High Schools can Help Increase Post-Secondary Education

A recent Time Magazine story, “Can Community Colleges Save the U.S. Economy,” notes the emerging White House consensus that the nation’s 1,200 community colleges may be the best place to help students – particularly disadvantaged youth -- prepare and adapt for today’s marketplace. The Bill & Melinda Gates Foundation agrees and has funded initiatives to showcase community colleges as places for change (including this project). 
 
To make this strategy work, however, high schools must help low-income students prepare for and succeed in college. A recent Future of Children policy brief , “A New Goal for America’s High Schools: College Preparation for All,” outlines steps that high schools should take to ensure that disadvantaged youth see post-secondary education as a realistic and attainable option. 
 
First, high schools should boost students’ subject matter knowledge and study skills. As several papers in The Future of Chil­drenAmerica’s High Schools point out, many districts and states have changed their performance standards and course requirements to include college prepara­tory classes and passing high-stakes tests. In tandem with these initiatives, districts, states, and even the federal government should be encouraged to devise new and effective ways of convincing low-income students to take and work hard in tough courses.  
 
Second, high schools should counsel students on how to select colleges and obtain financial aid.  Every high school – particularly those serving advantaged and disadvantaged youth -- should have sufficient numbers of trained counselors and teachers to help students select and apply for both college and financial aid. The current system in which schools serving predominantly low-income and minority students have more than 1,000 students per counselor does not work. States and local school districts should do everything possible to ensure that disadvantaged students have adequate access to effective counsel­ing beginning at least by the ninth grade.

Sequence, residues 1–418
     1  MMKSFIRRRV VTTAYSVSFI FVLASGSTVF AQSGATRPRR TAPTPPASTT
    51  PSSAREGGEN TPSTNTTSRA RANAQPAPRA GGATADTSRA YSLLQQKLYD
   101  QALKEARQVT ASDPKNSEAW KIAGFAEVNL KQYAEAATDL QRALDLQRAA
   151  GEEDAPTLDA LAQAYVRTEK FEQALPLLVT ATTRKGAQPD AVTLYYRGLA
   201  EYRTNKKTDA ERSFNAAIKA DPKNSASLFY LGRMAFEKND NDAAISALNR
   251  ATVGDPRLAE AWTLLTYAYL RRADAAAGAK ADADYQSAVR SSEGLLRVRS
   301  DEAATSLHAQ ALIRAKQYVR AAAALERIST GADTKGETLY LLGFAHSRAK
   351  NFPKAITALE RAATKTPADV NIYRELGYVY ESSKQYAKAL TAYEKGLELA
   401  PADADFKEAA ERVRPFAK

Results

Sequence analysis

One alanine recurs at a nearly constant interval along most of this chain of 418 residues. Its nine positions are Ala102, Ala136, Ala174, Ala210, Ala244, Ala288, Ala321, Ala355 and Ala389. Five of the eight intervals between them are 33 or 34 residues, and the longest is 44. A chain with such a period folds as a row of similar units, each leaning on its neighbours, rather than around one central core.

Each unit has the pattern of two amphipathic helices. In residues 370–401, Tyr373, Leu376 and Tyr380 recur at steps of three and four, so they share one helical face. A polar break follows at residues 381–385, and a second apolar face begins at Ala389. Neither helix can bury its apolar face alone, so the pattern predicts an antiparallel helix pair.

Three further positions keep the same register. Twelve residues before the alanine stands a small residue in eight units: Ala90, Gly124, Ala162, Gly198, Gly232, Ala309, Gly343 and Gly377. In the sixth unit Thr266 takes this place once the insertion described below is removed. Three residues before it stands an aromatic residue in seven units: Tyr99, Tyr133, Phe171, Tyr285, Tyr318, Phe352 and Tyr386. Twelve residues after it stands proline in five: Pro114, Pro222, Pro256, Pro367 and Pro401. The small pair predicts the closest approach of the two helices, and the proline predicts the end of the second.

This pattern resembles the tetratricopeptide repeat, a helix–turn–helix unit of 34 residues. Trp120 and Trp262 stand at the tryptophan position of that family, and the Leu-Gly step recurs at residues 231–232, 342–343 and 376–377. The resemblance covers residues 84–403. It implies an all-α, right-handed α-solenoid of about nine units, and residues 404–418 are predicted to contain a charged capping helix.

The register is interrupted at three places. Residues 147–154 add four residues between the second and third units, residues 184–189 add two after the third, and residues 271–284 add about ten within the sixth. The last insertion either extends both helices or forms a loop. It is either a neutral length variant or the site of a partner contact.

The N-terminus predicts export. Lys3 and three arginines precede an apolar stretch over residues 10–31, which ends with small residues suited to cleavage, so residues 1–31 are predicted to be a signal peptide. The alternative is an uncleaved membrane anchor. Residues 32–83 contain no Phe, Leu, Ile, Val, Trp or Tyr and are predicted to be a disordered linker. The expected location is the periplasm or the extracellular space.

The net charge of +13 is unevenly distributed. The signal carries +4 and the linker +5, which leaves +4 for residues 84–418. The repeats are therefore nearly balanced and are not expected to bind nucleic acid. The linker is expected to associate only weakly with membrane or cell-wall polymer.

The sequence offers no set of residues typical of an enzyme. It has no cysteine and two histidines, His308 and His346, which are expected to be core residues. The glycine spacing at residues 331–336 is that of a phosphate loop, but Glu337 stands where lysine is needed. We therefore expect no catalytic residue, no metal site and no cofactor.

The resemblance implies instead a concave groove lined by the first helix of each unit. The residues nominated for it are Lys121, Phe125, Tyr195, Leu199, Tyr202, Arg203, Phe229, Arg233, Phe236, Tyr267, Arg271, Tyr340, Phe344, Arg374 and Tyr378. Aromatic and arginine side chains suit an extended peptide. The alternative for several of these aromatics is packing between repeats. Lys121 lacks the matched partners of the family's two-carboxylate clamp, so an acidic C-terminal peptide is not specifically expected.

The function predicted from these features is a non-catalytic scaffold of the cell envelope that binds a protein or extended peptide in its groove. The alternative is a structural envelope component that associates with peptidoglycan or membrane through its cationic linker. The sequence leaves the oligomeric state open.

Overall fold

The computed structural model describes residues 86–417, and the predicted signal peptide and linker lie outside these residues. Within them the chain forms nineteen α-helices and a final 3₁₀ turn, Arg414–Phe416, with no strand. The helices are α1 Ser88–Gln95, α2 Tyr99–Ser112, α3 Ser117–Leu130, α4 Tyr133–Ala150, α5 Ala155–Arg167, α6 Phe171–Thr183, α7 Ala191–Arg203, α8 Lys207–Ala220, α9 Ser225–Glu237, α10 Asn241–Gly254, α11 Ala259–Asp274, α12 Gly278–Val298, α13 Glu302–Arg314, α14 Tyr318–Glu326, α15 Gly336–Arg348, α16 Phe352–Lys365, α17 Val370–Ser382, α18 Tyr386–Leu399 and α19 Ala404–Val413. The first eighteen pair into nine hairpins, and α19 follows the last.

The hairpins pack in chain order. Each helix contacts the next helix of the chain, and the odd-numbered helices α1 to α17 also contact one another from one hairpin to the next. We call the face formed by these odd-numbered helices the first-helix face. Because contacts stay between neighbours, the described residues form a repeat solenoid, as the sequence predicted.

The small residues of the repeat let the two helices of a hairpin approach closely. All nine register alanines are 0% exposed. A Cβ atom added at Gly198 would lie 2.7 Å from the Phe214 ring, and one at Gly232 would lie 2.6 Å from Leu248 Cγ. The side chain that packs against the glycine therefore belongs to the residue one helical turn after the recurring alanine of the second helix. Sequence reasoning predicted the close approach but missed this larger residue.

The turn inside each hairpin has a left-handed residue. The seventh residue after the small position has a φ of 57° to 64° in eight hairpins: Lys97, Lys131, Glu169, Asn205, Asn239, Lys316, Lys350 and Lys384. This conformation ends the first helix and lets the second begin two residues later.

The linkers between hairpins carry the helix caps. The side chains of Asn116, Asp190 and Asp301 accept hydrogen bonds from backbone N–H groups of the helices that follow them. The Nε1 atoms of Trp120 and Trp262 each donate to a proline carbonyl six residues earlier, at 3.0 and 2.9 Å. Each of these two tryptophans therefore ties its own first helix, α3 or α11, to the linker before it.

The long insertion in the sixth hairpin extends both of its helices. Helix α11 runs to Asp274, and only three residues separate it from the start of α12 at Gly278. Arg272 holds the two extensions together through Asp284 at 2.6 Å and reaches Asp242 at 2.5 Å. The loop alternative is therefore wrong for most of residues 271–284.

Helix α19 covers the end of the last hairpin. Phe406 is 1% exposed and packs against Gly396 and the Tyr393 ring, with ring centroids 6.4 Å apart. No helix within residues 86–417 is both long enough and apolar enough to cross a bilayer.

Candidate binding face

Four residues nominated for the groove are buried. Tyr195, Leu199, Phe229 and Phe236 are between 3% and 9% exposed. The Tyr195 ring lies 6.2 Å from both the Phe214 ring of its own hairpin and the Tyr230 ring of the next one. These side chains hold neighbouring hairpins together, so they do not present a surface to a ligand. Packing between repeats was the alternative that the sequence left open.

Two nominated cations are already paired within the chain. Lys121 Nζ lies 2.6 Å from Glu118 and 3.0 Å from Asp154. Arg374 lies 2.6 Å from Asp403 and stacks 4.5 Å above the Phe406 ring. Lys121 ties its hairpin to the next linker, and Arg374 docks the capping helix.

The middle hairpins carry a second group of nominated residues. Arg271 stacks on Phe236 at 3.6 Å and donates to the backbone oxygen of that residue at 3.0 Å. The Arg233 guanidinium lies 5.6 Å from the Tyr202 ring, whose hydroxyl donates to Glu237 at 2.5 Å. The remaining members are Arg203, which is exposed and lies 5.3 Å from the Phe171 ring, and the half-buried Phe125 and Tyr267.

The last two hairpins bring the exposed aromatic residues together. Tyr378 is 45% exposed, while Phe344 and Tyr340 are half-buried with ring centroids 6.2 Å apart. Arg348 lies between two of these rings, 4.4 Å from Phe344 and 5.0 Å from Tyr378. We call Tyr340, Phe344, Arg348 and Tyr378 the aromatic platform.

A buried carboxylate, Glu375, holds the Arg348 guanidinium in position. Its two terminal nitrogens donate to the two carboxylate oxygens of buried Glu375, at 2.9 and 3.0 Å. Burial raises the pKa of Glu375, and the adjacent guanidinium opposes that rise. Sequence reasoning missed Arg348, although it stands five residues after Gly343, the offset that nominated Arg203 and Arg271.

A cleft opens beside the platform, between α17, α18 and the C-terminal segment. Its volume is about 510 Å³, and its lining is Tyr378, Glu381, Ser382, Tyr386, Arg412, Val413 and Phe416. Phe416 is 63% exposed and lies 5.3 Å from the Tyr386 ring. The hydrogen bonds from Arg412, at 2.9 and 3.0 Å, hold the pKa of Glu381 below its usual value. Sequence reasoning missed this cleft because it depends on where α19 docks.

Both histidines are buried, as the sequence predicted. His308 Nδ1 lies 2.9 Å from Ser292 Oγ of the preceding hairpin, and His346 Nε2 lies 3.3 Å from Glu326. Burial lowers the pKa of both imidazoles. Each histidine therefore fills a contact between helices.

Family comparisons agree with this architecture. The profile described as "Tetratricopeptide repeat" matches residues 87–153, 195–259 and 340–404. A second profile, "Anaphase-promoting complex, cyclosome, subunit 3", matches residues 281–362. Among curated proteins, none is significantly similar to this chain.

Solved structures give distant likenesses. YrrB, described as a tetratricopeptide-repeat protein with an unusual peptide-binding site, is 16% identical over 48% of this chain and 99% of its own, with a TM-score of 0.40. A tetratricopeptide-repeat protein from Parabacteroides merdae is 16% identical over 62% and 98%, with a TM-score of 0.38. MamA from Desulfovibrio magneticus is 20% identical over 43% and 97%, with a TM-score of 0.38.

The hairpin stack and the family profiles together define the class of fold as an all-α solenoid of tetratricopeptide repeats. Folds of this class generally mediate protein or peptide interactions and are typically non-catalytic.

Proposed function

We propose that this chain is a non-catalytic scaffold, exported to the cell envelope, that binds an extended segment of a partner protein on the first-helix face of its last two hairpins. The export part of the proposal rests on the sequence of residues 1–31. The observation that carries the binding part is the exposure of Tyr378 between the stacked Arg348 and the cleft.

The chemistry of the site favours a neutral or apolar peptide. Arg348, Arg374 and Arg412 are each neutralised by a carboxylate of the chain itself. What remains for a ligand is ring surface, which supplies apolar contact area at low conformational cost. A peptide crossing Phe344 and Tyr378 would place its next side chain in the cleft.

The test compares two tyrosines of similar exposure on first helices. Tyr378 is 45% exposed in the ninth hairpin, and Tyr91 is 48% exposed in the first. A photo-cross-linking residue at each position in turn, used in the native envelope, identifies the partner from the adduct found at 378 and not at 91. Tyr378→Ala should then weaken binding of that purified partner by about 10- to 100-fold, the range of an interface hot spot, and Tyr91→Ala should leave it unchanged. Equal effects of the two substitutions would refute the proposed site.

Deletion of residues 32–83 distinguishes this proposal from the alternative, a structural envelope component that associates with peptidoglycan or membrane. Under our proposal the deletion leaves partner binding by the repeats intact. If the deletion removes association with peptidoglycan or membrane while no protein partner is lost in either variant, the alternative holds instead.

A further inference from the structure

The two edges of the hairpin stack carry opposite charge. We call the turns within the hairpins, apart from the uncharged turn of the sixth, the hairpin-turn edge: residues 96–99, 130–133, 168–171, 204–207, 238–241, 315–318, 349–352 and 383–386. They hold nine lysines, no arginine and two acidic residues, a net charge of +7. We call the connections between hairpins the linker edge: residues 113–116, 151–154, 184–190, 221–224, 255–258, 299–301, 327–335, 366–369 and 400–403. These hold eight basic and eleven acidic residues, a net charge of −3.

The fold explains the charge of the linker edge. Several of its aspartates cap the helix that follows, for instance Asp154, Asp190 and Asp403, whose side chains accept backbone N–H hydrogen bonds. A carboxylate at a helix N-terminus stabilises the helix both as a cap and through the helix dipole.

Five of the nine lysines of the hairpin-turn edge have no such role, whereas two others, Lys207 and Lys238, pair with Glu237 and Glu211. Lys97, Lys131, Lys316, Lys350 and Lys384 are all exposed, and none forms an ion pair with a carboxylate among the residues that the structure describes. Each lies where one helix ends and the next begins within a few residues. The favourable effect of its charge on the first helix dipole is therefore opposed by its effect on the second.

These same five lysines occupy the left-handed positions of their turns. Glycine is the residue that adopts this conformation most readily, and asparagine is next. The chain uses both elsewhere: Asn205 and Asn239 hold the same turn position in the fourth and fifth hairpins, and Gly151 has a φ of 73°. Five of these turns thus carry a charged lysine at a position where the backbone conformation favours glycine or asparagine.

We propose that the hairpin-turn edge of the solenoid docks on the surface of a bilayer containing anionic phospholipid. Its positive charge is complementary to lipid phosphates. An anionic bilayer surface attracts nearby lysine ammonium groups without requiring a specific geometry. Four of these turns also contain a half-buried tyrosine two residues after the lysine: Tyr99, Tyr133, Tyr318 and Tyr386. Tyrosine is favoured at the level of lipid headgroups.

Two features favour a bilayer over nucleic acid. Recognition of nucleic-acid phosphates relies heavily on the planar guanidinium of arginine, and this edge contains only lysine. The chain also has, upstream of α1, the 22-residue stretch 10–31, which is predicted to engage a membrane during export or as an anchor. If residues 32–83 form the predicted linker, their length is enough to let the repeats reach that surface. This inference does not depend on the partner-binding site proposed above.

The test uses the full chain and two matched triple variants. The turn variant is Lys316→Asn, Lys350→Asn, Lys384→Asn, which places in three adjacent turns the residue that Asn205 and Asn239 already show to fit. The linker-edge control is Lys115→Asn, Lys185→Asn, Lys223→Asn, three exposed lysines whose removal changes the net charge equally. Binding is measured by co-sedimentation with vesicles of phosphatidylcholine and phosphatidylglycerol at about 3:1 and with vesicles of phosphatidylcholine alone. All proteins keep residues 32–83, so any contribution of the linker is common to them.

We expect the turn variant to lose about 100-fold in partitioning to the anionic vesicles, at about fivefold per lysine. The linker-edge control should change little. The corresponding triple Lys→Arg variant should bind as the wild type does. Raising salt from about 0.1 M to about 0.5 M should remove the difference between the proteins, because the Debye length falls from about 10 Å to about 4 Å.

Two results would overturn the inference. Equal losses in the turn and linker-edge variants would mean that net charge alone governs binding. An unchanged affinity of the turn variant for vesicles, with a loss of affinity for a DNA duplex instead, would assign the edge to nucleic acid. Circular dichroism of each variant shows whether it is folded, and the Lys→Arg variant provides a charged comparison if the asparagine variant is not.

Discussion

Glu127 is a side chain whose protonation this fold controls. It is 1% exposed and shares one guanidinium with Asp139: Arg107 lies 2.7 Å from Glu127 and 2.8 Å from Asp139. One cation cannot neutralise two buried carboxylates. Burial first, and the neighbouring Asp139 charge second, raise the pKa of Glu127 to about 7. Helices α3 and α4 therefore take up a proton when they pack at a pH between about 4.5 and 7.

Finally, to increase schools’ accountability, school districts should build data tracking systems capable of following students from kindergarten through postsecondary education. States are fully aware of the importance of account­ability for postsecondary performance and have begun taking steps toward developing the necessary achievement tests and data systems.

To meet these three goals, the authors of the FOC policy brief make a proposal.  The $1.7 billion a year that the federal government currently provides for a wide range of efforts aimed at helping disadvantaged students should be re-allocated competitively (to public schools, postsecondary schools, nonprofit and for-profit organizations, and coalitions of these organizations). Priority would be given to applicants who are able to show how they will track student progress in reading and math, how they will respond with additional instruction or other assistance when students fall below grade level in either subject, and, where appropriate, how they will track their students’ progress in postsecondary education and modify their college preparation program based on the evidence. Recipients should be required to reapply for funding every three years, and programs that do not increase college enrollment and graduation rates should lose their funding. Preference would go to programs that have effective procedures for enrolling truly disadvantaged students and boosting their achievement and college enrollment and graduation rates. Similarly, preference should go to proposals that provide for rapid response as soon as disadvantaged students begin to fall below grade norms. Finally, the Statewide Longitudinal Data System should be expanded to all states while ensuring that state systems are capable of following students through the college years.

 

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